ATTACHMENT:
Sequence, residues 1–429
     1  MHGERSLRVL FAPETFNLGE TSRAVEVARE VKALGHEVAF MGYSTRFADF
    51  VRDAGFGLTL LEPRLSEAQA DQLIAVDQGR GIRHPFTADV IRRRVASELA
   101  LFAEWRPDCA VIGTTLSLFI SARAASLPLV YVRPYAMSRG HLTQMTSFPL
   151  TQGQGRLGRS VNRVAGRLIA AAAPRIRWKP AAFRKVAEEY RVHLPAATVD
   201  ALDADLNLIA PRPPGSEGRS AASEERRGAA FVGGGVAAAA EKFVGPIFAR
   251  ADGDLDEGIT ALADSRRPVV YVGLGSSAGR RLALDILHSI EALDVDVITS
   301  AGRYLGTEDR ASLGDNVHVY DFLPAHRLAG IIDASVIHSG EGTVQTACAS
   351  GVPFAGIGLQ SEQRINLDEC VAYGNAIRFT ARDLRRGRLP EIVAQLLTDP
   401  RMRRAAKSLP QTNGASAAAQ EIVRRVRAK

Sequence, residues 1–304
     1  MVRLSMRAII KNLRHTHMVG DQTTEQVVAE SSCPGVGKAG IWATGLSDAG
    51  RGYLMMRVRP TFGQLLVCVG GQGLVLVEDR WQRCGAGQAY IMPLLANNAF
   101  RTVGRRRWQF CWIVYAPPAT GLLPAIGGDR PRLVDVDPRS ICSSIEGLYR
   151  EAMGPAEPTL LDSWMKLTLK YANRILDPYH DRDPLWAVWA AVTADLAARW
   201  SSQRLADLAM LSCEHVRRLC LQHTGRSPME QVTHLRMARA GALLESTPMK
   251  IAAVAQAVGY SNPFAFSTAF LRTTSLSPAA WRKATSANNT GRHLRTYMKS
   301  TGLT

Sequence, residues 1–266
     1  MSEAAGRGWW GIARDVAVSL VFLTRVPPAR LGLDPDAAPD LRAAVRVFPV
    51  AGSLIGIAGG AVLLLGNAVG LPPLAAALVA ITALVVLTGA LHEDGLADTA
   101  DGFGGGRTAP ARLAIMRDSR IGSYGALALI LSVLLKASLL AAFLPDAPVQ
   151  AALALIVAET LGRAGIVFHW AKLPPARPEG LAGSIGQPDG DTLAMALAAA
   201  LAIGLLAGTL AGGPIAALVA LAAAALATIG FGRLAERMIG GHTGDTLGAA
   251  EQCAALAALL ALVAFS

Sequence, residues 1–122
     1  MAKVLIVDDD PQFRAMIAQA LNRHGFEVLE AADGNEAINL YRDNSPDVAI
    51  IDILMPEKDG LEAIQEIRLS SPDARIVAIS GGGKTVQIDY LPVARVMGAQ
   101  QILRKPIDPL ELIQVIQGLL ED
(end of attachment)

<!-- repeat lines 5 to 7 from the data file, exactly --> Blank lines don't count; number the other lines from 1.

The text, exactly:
   151  TQGQGRLGRS VNRVAGRLIA AAAPRIRWKP AAFRKVAEEY RVHLPAATVD
   201  ALDADLNLIA PRPPGSEGRS AASEERRGAA FVGGGVAAAA EKFVGPIFAR
   251  ADGDLDEGIT ALADSRRPVV YVGLGSSAGR RLALDILHSI EALDVDVITS